People celebrate Midnight Mass on Christmas Eve throughout France. We went this year to the service at l’Eglise Saint-Andéol in Parisot. Père Serge, the local priest, had asked for volunteers from le Choeur de Parisot to swell the ranks of the church choir. We thought, why not? Having now been once, it’s probably not an experience I shall repeat but it had its moments.
Fortunately, the requisite hour of midnight is not always taken seriously and so the mass was billed to start at 9.00 pm and – amazingly for la France profonde – it started bang on time. This is just as well, since it went on for 1 ½ hours.
First up was a nativity play, which local children wrote and performed. This was the best bit. It was preceded by a frenzy of activity as anxious parents gave last-minute instructions and made alterations to angels’ sagging wings. A three-sided structure in front of the altar did service as the stable.
I really wish I had taken my camera but I thought it wouldn’t be appropriate. However, no one seemed to mind that proud parents wandered about taking shots while the play was in progress. Some of the children who had speaking parts were miked up and, of course, sometimes forgot that they were. Occasionally, an indignant, ‘Non, c’est moi’ resounded throughout the church when someone had spoken out of turn. And there was considerable jostling in front of the stable to occupy pole position for worshipping the Baby Jesus.
Once the play was over, the children piled into the vestry to change clothes. It was a bit like actors going back into the Green Room after a successful performance. Père Serge had to go in to intervene when the noise level threatened to disrupt the rest of the proceedings.
After that, well, let’s just say it went on a long time. Père Serge was assisted by another priest with an Orthodox beard, bare feet in sandals and a skull cap. I have no idea who he was and no explanation was given. No doubt Père Serge was glad to have assistance during such an important ceremony.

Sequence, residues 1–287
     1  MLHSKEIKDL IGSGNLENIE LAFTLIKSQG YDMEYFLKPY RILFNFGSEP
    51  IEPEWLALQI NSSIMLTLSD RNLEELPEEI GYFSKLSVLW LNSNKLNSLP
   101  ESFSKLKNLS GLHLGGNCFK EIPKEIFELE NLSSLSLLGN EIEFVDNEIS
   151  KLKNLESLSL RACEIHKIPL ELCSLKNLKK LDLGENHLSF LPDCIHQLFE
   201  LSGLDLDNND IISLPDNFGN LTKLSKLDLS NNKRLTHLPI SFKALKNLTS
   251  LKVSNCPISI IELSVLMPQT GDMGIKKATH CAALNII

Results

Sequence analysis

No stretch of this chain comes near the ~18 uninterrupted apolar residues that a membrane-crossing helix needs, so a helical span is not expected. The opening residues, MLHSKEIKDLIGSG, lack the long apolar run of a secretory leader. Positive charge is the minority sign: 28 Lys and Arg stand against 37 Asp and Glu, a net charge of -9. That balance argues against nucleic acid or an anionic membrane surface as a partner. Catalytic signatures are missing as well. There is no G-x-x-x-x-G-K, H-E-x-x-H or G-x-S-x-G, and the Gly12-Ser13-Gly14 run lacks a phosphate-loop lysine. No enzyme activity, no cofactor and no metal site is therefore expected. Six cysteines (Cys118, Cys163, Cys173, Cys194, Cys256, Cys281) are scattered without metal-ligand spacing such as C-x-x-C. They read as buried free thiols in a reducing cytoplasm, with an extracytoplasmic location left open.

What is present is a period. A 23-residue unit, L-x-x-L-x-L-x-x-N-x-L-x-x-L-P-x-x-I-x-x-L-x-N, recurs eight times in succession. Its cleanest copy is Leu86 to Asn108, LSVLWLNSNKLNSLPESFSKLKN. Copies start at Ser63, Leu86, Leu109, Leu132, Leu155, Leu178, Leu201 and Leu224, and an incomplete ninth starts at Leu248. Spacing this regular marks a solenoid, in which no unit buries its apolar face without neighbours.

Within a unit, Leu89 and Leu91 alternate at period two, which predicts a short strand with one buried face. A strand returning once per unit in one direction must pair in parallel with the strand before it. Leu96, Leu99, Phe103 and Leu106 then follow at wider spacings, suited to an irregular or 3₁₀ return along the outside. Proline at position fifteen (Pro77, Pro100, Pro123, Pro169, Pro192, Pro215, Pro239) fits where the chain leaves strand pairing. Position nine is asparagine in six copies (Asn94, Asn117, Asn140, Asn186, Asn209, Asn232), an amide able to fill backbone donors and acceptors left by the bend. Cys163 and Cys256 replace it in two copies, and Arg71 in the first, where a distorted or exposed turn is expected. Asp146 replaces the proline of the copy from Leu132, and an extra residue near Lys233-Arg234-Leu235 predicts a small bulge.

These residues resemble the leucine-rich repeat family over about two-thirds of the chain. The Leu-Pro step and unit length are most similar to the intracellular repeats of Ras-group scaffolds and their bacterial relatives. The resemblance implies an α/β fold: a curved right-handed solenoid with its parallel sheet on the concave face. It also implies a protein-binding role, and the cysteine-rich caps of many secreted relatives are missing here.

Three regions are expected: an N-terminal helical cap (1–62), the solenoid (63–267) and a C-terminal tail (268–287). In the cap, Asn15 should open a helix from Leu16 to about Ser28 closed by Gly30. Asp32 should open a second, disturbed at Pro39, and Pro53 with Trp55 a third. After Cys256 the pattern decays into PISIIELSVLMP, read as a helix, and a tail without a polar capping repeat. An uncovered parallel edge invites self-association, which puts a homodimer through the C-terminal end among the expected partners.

As for the choir, we managed tant bien que mal. A rather jolly gnome-like man, who had been born in Parisot but now lives elsewhere, conducted us. But because he was rather small, he had to stand on a box to do so. Fortunately, the congregation and the members of the church choir knew what they were doing. The rest of us just followed along.
There were lots of plus points. Many people turned up; the atmosphere was warm and welcoming; apart from the strict liturgical parts of the ceremony, it was all quite informal and relaxed; and they served cakes and hot chocolate afterwards. Nonetheless, I felt a bit of a fraud. I’m not a believer, certainly not a Catholic and not French, either. Apart from that, well…it was an experience. And, whatever your religious beliefs (or lack thereof), it’s no bad thing to reflect on what all this tells us about human relations and how we should conduct them.
Hope you have had a good Christmas and continue to enjoy the festive season.
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Midnight Mass was always a tradition in my family when we were children…we just loved it. I was always amused that the Italian men (many of the expat Catholics were Italians) hung about smoking outside, and popped into the church just for the three important bits: Sanctus, Consecration and Communion if I remember rightly, to avoid committting a mortal sin (it was a sin to miss any one of the three bits). Women and kids sat through the whole thing. Wonder if we earned extra heavenly kudos.
Around here it tends to be the women who are the most ‘pratiquante’. Les hommes font leurs Noëls et leurs Pâques. I wasn’t aware of anyone nipping out for a smoke but we were at the front so wouldn’t have seen. There were some very fractious children by the end! I must say I sympathised with them but I like to think that, if there is a heaven, I will have earned a few points on Christmas Eve.
I posted a Christmas message to you here Vanessa… so won’t redo in case it turns up! Belated Merry Christmas to you and yours xox
Oh dear, I haven’t seen your message, so perhaps it got lost in the ether somewhere. But thank you anyway and an even more belated Merry Christmas to you and your family.